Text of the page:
CBS; Mondays, 10-11 p.m.
About 10 minutes into the premiere episode of Steven Bochco's initially thrilling CBS crime series, Brooklyn South, I found myself wishing deeply unpleasant tortures--specifically, tortures involving the nonbusiness end of a toilet plunger--upon the psychopathic black perpetrator who commits the heinous crimes that open the show. This, of course, is what the reactionaries who work on the Bochco police-drama assembly line want me to feel: Nothing like a vicious black perp to get the fear-juice of white America flowing.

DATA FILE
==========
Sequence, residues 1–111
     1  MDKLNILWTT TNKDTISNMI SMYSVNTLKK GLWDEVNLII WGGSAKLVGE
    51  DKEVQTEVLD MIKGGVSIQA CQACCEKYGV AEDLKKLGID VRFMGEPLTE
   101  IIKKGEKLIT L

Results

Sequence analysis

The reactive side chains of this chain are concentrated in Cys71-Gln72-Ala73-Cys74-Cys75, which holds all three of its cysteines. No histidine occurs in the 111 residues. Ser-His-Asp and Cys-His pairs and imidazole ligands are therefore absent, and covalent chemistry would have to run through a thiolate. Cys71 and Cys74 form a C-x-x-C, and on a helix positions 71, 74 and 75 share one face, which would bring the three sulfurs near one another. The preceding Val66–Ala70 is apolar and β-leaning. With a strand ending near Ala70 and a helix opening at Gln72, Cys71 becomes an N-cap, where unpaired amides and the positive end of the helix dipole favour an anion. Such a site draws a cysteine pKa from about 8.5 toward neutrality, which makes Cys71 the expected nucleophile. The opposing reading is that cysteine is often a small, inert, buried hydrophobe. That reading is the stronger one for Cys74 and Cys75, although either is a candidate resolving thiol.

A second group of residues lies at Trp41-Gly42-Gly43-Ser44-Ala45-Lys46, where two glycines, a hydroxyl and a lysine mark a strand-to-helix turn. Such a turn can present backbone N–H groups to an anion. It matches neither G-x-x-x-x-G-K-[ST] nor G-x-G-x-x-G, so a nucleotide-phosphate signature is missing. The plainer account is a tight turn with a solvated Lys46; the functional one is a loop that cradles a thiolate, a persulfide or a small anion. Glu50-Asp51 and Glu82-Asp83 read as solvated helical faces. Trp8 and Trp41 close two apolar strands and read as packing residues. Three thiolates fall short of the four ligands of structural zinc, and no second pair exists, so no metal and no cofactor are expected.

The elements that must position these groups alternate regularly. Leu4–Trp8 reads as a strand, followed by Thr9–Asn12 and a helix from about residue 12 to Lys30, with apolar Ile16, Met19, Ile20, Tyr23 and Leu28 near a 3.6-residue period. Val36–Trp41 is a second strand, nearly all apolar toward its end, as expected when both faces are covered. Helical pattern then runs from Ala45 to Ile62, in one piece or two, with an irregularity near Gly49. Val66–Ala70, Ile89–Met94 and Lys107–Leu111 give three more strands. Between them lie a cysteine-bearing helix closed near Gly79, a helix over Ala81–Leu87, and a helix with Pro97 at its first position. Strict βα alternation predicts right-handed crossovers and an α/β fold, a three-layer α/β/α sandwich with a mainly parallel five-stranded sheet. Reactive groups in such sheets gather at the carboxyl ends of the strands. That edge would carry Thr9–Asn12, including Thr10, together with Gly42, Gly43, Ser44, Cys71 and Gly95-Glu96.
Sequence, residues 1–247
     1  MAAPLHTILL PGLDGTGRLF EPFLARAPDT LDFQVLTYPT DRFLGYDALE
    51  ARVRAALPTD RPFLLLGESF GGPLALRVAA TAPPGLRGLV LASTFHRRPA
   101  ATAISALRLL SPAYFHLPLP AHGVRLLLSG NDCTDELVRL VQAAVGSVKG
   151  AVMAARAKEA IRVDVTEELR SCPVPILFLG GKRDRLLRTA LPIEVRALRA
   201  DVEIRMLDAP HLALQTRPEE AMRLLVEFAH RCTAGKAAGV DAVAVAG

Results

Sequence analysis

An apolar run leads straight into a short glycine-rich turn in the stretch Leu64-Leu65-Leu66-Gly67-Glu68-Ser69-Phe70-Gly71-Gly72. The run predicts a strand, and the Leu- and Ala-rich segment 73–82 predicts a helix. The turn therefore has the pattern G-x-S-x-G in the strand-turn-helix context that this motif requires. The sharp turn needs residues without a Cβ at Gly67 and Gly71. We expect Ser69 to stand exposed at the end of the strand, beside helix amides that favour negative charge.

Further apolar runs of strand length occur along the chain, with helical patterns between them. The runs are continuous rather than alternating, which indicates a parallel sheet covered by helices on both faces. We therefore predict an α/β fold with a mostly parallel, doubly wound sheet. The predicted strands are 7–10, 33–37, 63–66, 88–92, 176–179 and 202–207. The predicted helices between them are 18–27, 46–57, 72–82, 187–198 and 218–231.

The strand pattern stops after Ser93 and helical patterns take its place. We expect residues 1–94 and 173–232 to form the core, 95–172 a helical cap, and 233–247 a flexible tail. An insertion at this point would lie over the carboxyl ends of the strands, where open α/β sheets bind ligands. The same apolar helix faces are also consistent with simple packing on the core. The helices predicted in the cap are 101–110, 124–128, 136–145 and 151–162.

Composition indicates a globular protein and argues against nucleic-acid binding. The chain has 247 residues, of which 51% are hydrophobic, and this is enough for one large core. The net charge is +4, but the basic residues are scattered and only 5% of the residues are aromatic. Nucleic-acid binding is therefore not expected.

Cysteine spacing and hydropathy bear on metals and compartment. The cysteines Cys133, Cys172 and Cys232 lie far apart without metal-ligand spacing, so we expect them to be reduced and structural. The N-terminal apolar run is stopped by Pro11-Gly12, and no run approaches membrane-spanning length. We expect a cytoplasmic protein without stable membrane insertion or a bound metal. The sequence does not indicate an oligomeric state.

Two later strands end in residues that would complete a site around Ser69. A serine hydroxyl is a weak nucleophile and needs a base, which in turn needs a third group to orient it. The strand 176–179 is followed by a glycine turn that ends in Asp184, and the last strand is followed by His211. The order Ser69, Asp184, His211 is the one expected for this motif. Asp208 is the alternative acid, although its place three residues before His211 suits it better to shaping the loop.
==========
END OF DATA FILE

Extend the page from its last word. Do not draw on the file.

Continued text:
In the course of a nearly balletic opening sequence rare on television for its terrifying power, the black perp shoots a bunch of cops over some absurd grievance. This shootout is different from other televised shootouts in that it isn't sanitized or truncated--no bang, bang, you're dead on Brooklyn South. Here you feel in your stomach the helplessness of cops under fire, a feeling made worse when another black perp, capitalizing on the chaos, shoots a plainclothes cop in the head. The cop loses, with a sick pop, a piece of his skull--think Zapruder--before collapsing to the ground. (There has been an artificial controversy in the press over this particular sequence, which is no more or less repulsive than many other things produced under the auspices of the network entertainment divisions over the past couple of years.) The black perp--the first black perp (so many black perps, so little time)--is eventually shot, subdued, and dragged by the police into the precinct house, on whose floor he expires. Before he does, however, a group of officers gathers around to hurl imprecations at him.